Non-dairy coffee creamers
DO reduce your intake of trans fatty acids.
Trans fatty acids are compounds that occur when foods are chemically modified by partial hydrogenation. The safety of trans fatty acids has been a controversial subject. Recent studies have helped resolve the issue. For instance, a US Department of Agriculture study showed that trans fatty acids from partially hydrogenated vegetable oil raise cholesterol as much as saturated fats do. Trans fatty acids may also reduce HDL cholesterol (good cholesterol).
DON'T be afraid to try more soy protein.
A number of studies have shown that soy protein lowers cholesterol. Soy has isoflavones, called daidzein and genistein, which are the plant estrogens that play a role in cholesterol metabolism. Soy protein is a good protein that can be substituted for animal protein in your diet. Here are some sources of soy protein:
Veggie burgers made with textured vegetable soy protein
DO use polyunsaturated fats.
Polyunsaturated fats are the major fat source in vegetable oils such as safflower oil and corn oil. They generally lower total cholesterol, although they may also lower HDL cholesterol (good cholesterol).
Try to use less hydrogenated margarine; liquid and tub margarine are better than stick margarine. Some less hydrogenated products may contain trans fatty acids, but you can avoid them by reading labels. The newest types of margarine are labeled "without transfats."
DON'T think vitamins will do it all -- get your phytochemicals.
Phytochemicals are plant chemicals that may help prevent not only heart disease, but also other chronic diseases and conditions such as diabetes, cancer and hypertension.
Fruits and vegetables are chock-full of them; eating five servings a day is a good start on the road to better health.
Garlic may help reduce blood cholesterol, LDLs and triglycerides; garlic pills are being studied now, but the results so far are inconclusive. It appears that raw garlic is the active ingredient.
DO get your Omega-3 fatty acids.
Omega-3 fatty acids are polyunsaturated fats from plant and marine sources. Omega-3 is an essential fatty acid, linolenic acid. The richest sources are fish that swim in cold waters, such as those listed here; try to eat them at least once a week. The numbers listed indicate the amount of Omega-3 fatty acids in a 3-ounce serving:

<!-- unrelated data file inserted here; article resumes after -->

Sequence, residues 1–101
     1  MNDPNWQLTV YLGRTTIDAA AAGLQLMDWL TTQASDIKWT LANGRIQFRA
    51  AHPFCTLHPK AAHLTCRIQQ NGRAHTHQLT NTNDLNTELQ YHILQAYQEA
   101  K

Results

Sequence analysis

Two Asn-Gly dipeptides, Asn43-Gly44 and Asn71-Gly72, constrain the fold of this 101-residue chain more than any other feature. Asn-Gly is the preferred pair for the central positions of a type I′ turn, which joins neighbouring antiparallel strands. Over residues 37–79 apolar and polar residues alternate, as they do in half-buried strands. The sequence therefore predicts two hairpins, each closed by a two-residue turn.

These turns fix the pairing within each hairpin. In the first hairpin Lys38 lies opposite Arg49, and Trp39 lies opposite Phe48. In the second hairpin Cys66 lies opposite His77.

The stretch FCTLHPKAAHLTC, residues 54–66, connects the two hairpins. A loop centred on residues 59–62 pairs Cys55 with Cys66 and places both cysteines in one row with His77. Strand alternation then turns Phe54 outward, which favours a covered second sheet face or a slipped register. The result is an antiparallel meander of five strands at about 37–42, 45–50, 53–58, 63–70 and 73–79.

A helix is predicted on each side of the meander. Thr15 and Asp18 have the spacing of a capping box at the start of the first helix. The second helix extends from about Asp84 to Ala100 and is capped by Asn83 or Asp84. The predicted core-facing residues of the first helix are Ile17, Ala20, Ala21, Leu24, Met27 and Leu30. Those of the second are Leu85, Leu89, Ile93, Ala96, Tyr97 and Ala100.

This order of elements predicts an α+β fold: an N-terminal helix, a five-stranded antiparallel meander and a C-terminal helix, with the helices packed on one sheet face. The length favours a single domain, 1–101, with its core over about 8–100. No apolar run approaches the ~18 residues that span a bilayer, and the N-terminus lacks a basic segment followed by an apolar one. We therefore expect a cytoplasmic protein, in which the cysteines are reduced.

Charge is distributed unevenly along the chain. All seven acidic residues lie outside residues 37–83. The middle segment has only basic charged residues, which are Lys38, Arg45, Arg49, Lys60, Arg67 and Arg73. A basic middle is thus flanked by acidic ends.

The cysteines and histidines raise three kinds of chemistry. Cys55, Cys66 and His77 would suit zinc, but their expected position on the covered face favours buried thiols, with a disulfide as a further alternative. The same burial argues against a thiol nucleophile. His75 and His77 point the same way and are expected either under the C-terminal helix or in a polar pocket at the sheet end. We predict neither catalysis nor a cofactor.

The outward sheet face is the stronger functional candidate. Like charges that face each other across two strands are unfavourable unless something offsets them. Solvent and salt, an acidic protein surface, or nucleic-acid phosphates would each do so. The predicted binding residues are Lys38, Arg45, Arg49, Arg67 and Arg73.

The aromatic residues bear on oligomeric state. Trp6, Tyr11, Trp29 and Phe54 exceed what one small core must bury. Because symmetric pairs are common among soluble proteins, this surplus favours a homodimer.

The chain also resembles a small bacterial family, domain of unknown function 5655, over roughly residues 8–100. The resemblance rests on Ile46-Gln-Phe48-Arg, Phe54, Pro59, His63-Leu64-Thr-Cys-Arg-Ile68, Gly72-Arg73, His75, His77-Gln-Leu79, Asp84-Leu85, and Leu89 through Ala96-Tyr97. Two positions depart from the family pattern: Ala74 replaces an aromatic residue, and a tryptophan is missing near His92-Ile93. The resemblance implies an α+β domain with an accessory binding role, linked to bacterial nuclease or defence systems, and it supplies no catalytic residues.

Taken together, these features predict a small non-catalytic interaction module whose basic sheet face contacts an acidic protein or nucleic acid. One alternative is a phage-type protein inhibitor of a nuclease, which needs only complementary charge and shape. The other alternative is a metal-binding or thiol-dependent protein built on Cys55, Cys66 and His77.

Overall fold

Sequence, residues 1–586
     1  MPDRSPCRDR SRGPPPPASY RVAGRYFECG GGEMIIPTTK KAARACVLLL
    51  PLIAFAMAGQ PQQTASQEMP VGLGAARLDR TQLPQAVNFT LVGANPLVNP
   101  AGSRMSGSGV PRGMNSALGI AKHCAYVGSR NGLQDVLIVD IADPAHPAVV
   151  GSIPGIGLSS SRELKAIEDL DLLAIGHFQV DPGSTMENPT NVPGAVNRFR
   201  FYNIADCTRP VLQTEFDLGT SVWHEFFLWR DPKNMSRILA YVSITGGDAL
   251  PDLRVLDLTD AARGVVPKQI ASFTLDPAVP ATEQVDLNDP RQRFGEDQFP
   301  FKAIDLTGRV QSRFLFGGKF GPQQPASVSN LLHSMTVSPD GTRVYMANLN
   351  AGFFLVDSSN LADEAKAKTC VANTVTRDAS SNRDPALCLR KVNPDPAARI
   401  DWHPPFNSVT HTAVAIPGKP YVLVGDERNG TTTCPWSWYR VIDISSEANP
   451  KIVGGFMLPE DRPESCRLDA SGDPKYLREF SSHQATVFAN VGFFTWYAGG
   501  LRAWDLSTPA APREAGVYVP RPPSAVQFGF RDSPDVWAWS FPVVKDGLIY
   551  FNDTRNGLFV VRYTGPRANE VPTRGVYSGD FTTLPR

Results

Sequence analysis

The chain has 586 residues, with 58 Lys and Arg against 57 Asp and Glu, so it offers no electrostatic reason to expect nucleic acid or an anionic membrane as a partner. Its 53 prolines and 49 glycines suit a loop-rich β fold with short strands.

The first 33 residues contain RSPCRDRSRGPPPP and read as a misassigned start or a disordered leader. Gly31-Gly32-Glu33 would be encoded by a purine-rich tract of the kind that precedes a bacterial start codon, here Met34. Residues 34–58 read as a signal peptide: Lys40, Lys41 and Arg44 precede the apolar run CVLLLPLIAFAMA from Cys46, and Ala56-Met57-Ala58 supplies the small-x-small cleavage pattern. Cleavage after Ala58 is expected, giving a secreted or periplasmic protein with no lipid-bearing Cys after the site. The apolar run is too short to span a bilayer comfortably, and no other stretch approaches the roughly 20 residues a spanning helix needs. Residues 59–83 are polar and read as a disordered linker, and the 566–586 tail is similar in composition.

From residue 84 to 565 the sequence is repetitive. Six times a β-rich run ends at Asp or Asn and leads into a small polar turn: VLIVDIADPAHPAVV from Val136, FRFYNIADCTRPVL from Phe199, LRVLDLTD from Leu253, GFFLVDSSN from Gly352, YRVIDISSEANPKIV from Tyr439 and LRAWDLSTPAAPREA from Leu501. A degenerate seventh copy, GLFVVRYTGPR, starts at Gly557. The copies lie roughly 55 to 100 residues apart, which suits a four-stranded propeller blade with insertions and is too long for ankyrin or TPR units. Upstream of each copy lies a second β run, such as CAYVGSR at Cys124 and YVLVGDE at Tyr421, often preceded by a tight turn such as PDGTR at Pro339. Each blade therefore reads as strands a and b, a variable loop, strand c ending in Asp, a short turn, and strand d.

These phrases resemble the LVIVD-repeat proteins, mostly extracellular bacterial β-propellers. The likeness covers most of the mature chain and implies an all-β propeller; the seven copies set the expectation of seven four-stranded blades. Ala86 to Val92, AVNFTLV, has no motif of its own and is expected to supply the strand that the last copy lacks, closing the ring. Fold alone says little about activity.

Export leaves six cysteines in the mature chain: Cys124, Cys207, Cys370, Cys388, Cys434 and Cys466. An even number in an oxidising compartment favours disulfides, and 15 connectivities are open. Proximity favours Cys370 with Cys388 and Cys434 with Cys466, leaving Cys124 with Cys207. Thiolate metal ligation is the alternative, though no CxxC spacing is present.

Salmon, Atlantic, cooked (1.8 g)
Anchovy, canned in oil (1.7 g)
Mackerel, Pacific and Jack, cooked (1.6 g)
Sablefish, cooked (1.5 g)
Salmon, pink, canned (1.4 g)
Sardines packed in tomato sauce (1.4 g)
Herring, Atlantic, pickled (1.2 g)
Rainbow trout, cooked (1.0 g)
Tuna, canned in water (0.7 g)
The benefits of eating these sources of Omega-3 include the following:
Significant reductions in high triglyceride levels
Slower blood clotting
Prevention of abnormal heart rhythms
Enhanced immune function
Improved eye and brain development
If you do not eat fish, be sure to include other foods rich in linolenic acid, such as these:
DON'T give up all shellfish.
Shrimp, although moderately high in cholesterol, is a very low-fat protein. Eaten once or twice a month it will not affect cholesterol levels. All other shellfish are also acceptable, except squid (calamari) and roe (caviar). Mollusks such as clams, mussels and scallops are all fine. Be sure shellfish are from reputable sources and are cooked well. Have your seafood baked, broiled, steamed or boiled -- but not fried. Use only oils low in saturated fat in preparing shellfish recipes which call for oil.
DO get enough folic acid, vitamin B6 and vitamin B12.
Low levels of folic acid and other B vitamins can cause excessive homocysteine to be produced in the body, and high homocysteine levels are an independent risk factor for heart attack and stroke.
You need 400 micrograms of folic acid a day to prevent heart disease. A multivitamin will provide the recommended amount. Foods that will also do the job include the following: